Tuesday, October 27, 2009

The Barking

This all happened back when I was about thirteen years old and was at home with my mum and dad, and our two dogs, Sheba and Chips.
It was on a cold, dark, autumn evening when we were all about to turn in for the night when there was a knock at the door.
My dad, wearing his dressing gown,went to answer it and found one of our neighbours from across the road on the doorstep who was also wearing a dressing gown.
After I managed to stop Sheba and Chips barking the neighbour asked us if we'd heard the barking coming from the top of the embankment that was part of our back garden.
As the embankment was higher than our house, the noise had gone literally over our heads, but the neighbour assured us that the barking had been going on for nearly two hours and was still going strong.
My dad got a torch and went with the neighbour to investigate.
I watched from the doorway as they cautiously began to climb the slope towards the source of the barking and carried on watching as they ran back towards the house after the barking got rather louder and closer.
My dogs heard that barrage of woofing and decided to join in, which wasn't very helpful but it did send whatever it was that was making the noise on the embankment, back up to the top of the slope again.
My dad told us that it was a very large dog up there, probably a doberman or a rottweiler and after a quick discussion between my mum, dad, and the neighbour, they decided that the best thing to do was to call the Police to see if they could help catch the dog.
All this time the dog carried on barking. I reckoned it must have been at it for nearly three hours, and couldn't figure out why it hadn't lost its voice, but it must have been in a lot of distress to carry on so.
Anyway, the cavalry, or rather two police officers with a noose-on-a-stick thingy arrived, and they also cautiously climbed the slope while carrying a torch to see where the dog was and what it was doing.
My mum, dad and neighbour stayed to help round up the dog but I was told to go stay in the house and try and calm down Sheba and Chips, especially Chips, who by this time was bristling with rage knowing that a strange dog was on his patch, and he wasn't having any of it if he got loose.
So as the police, my parents and the neighbour tore around the garden after the dog, I tore around the house after my dogs as they ran from room to room, following the dog outsides movements.
And as they ran around, they barked.
And barked.
And barked some more.
After a couple of minutes I realized I could hear another dog barking somewhere. I listened carefully from an upstairs window and realized that my friend's dog who lived two gardens away had also joined in. As had the dog that lived across the road, the dog that lived further up the road, and another dog that was just passing by along with its human.
It sounded like all the dogs in the vicinity had joined in and were barking for all they were worth.
The noise was incredible. Now and again there would be a little howl from somewhere, but mostly all you could hear was barking from all around and drowning out nearly every other noise except for a very a large passing train.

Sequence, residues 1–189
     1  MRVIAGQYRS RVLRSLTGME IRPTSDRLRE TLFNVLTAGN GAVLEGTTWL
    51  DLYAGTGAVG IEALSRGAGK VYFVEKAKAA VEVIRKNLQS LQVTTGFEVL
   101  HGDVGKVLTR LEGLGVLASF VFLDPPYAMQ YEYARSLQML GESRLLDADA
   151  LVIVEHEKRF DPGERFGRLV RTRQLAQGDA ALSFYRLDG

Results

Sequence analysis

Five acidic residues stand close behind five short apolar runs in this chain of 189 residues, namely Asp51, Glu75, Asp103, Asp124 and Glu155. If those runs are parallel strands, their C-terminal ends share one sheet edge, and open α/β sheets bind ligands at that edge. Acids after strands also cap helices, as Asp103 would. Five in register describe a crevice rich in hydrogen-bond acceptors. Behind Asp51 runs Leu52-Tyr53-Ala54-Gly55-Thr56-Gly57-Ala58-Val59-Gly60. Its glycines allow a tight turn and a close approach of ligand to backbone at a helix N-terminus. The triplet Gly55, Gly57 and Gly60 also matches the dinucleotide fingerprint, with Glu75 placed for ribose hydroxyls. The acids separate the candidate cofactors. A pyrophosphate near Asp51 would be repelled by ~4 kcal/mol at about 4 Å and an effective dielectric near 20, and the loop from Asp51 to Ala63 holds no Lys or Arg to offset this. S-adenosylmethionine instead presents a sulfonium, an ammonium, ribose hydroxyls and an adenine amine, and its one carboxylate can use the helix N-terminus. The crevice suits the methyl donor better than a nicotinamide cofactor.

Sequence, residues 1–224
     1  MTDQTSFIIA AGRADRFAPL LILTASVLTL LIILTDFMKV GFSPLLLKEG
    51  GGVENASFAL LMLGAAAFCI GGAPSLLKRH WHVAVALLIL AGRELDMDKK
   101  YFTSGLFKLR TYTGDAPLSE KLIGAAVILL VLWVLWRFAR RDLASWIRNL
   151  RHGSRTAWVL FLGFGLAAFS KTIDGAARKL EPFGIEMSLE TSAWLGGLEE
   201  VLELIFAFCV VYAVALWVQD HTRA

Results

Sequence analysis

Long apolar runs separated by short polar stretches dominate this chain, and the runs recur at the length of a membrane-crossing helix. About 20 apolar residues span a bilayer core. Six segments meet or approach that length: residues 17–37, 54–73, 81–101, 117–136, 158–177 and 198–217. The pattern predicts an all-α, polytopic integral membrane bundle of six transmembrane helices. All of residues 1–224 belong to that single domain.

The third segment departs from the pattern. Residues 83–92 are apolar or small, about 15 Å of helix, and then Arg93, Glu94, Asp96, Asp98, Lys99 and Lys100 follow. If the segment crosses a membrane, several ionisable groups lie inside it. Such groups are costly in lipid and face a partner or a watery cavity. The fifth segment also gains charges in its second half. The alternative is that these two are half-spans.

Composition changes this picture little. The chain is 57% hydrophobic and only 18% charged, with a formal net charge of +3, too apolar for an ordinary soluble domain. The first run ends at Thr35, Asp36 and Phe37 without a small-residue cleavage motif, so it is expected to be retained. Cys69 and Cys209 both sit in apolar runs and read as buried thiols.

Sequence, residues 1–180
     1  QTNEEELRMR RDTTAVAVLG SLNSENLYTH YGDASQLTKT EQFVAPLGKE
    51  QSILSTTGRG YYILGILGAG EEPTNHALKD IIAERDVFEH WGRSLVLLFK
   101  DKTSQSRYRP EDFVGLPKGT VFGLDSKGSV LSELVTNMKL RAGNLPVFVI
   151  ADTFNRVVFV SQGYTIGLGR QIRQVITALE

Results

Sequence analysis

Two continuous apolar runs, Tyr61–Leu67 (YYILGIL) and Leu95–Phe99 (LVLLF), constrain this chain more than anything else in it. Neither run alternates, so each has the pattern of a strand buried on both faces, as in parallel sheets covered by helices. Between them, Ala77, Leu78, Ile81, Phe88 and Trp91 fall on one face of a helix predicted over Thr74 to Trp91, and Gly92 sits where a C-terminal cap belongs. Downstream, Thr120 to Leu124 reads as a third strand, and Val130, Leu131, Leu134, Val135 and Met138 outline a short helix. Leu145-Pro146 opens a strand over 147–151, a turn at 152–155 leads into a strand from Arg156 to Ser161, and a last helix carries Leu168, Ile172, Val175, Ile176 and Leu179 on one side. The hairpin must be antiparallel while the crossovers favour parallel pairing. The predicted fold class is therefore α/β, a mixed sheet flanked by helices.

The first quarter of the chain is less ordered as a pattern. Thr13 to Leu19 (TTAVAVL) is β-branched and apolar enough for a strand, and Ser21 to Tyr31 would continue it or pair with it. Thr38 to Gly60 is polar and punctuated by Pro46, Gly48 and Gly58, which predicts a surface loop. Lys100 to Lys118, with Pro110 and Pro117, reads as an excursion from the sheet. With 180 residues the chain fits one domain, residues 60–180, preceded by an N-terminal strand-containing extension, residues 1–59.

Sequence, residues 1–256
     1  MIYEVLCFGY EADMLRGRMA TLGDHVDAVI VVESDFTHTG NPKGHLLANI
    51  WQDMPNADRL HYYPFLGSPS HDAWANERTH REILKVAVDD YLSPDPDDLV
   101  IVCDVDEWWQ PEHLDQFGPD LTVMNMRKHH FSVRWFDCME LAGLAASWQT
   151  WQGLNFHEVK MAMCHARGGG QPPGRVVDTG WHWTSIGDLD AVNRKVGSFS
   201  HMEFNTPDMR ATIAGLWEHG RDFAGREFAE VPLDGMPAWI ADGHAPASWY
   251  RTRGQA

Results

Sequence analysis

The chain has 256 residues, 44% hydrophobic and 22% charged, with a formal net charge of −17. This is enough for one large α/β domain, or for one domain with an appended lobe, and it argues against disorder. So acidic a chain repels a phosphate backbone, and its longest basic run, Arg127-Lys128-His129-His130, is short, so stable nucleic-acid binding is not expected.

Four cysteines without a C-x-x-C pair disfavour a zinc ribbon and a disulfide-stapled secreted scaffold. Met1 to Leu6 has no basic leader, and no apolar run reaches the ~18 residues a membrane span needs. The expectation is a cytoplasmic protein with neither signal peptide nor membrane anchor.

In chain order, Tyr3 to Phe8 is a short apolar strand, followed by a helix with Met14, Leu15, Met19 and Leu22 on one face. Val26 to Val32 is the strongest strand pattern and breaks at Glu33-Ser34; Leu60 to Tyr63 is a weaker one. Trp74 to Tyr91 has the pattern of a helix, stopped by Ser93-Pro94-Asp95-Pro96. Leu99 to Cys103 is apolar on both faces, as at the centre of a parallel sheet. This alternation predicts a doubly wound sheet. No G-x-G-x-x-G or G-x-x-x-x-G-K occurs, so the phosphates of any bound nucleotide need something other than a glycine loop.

I wish I'd had something I could have recorded it on, but even if I had been able to, I doubt I could have done the barking justice without the aid of some very snazzy quadraphonic speaker set up type thing.
If Dodie Smith had heard it, I reckon the Starlight Barking would have been a very different book indeed.
But eventually the police managed to catch the dog with the aid of their noose-on-a-stick thingy, and as I calmed down Chips and Sheba, the barking dwindled to the occasional 'wuff' and eventually ceased altogether.
My mum came back into the house and asked me to help make some tea for the police, the neighbour and my dad, and after putting the kettle on I borrowed the dog's water bowl and went out to let the stray dog have a drink.
The poor thing was still on the end of the noosestickthing, and was glaring balefully at the police and letting out the odd low growl, but straight away I could tell he was more scared than angry.
He gulped down the water in seconds, so I filled it up again and after making the tea, got the poor dog a bowl of food.
Again, he emptied the bowl in seconds before turning to me and giving a huge burp which I decided to take as a 'thank you'.
The police and my parents were still very wary about the dog, but I felt so sorry for it I grabbed a couple of biscuits meant for the police, and went over to the dog and hand fed them to him before giving him a pat and a cuddle.
The police stared at the scene in amazement before turning to my parents and asking,
"Why couldn't we have just sent her up there with the biscuits in the first place?" as the dog snuggled up to me and chomped on the digestives.
Sadly, the police had to take the dog away, but after a couple of days we heard that he'd been safely returned to his humans who'd been searching for him after he ran off after being spooked by a firework.
Amazingly, the dog had travelled all the way from Kent before ending up in our back garden, and his owners had thought they'd never see him again.
For about a month after, each time a dog barked it was very shortly followed by a very loud "Shut up!" from the human nearest to it.
And I've never heard The Barking since.